Global Oil Production Update: EIA Revises Two Decades of Oil Data

With the most recent release of international oil production data, EIA Washington has revised figures back to 1985. This is one of the most comprehensive revisions I have seen in several years. Generally, the totals were revised slightly lower, and this was especially true for the past decade. Data for the full year of 2011 has now completed. | see: Global Average Annual Crude Oil Production mbpd 2001 – 2011.

Since 2005, despite a phase transition in prices, global oil production has been trapped below a ceiling of 74 mbpd (million barrels per day). New production from new fields and new discoveries comes on line, but, it has not been at a rate fast enough to overcome declines from existing fields. Overall, global decline has been estimated at a minimum of 4% per year and as high as 6+% a year. Given that new oil resources are developed and flow at much slower rates, the existing declines present a formidable challenge to the task of increasing supply. I see no set of factors, in combination, that would take global production of crude oil higher in 2012, or next year, or thereafter.



  1. Draft Bowen writes:


    What do you make of the recent increases in liquid fuel production (mostly NGPL), and the projections that those increases will continue for several years to come?  Will this enable a liquid fuels plateau to continue for, say, another decade?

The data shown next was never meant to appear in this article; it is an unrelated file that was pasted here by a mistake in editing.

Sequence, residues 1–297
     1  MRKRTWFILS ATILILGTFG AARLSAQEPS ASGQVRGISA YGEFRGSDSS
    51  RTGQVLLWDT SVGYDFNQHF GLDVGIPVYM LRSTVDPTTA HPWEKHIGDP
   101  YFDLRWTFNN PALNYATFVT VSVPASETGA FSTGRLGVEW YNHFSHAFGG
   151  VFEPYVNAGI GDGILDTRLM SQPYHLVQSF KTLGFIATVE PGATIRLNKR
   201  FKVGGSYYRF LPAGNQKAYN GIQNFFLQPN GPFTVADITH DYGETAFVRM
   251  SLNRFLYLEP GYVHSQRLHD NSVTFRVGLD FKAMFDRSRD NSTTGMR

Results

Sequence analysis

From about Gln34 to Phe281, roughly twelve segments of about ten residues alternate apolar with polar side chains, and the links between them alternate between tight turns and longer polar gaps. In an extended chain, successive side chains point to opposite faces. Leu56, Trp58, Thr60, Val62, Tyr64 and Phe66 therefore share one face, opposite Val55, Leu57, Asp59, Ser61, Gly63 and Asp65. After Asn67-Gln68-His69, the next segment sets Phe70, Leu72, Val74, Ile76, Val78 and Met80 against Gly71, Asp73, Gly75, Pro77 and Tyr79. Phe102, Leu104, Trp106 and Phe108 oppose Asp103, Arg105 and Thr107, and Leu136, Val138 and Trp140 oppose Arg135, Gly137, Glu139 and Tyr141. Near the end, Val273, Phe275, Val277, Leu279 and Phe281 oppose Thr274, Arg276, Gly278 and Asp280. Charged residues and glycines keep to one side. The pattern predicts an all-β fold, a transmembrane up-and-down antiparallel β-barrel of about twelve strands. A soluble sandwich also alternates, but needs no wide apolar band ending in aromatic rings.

I know you prefer to focus on crude oil only, but whether we peak oilers like it or not, it’s possible in many uses to use non-oil liquid fuels to substitute.

    I have been wondering whether this development will invalidate my previous assumption, which was that we’ll see all-liquids production begin to decline globally by 2015 at least 1% annually.

  2. writes:

    The ability to increase liquids is not that surprising, and frankly does as much for world GDP as all supply increases in BTU from other sources. In other words, I am fairly resolute that the world will race to extract new BTU from all sources, but–and this is important–it will not lower the price of petroleum products. Mainly, gasoline and diesel. The increase in NGL has done nothing to restrain the price of oil, and thus, the price of products that run oil based machines.

    Peak oil is just that. And, economically speaking, it’s about the disruption that takes place as a result. We may have already put in the first 5 years of a 20 year energy transition, however, so now that oil is a zero sum game, those who can no longer afford it will have to get by on either less BTU or different BTU. This process is already underway.

    Best, G

  3. Draft Bowen writes:


    Interesting.  Do you see that transition (to lower energy density fuels) then resulting in a fundamental (though gradual) end to industrialism as John Michael Greer and others do?  Or do you see industrial society surviving the transition intact and eventually transitioning to a broader portfolio of alternative energy sources?